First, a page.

ALEXANDRIA, Va. — On Jan. 30, the Alexandria-headquartered National School Boards Association (NSBA) kicked off a program aimed at helping school board members take sustainability efforts to the next level. The organization’s Clean, Green and Safe Schools initiative provides school board members with information to help them develop policies and protocols to provide safe and healthy school environments, according to a statement by the organization. The initiative also provides board members with access to experts to help develop and implement a working plan to improve school buildings.
A school’s physical structure is a critical component to student success, according to a statement by the NSBA. As such, the Clean, Green and Safe Schools initiative also focuses on improving school safety and energy and cost efficiency to ensure school buildings continue to provide an optimal learning environment.
Studies have found positive correlations between building conditions and student performance, the organization noted in a statement. In 2010, for example, the Environmental Protection Agency found that that students who attend schools in poor condition score 11 percent lower on standardized tests than students who attend schools in good condition.
“School board members across the country believe every school-age child deserves the finest public K-12 education possible,” said Thomas J. Gentzel, executive director and CEO, NSBA, in a statement. “Striving to provide the highest-quality education — one that enables every student to achieve their full potential — is grounded in many factors including the learning environment.”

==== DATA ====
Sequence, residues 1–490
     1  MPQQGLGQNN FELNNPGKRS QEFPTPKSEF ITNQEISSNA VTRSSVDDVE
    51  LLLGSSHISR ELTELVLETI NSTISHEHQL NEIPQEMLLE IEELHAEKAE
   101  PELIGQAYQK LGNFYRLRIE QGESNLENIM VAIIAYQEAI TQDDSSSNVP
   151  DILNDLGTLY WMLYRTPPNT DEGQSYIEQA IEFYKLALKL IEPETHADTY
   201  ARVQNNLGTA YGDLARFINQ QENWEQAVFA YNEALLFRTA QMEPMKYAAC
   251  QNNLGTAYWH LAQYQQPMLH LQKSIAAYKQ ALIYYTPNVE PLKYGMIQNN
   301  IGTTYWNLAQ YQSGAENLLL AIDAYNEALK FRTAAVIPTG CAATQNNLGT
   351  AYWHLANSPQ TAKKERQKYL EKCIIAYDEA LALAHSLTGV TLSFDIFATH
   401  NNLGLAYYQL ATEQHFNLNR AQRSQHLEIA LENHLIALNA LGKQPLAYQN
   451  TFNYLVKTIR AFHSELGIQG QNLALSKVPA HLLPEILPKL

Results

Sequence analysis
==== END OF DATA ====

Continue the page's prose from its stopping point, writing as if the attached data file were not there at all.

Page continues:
The organization also pointed to a 2016 report issued by the Center for Green Schools, which estimated that the country spends approximately $46 billion less annually on school construction and maintenance than is needed to maintain a safe and healthy learning environment. One in six people in America, according to the NSBA statement, spend their day in a K-12 school and schools represent the largest public building sector in America. However, the last Government Accounting Office evaluation of school infrastructure was completed in 1995, and the average American school is now 44 years old.
Gentzel noted in a statement that school board members are often forced to choose between maintaining the facilities and keeping teachers — a no win choice in which students ultimately lose.
“A challenge exists to upgrade facilities with capital budgets that are tight,” he added. “Fortunately, creative solutions exist to help school boards address these environmental and infrastructure conditions so they can focus on their primary goal: serving students.”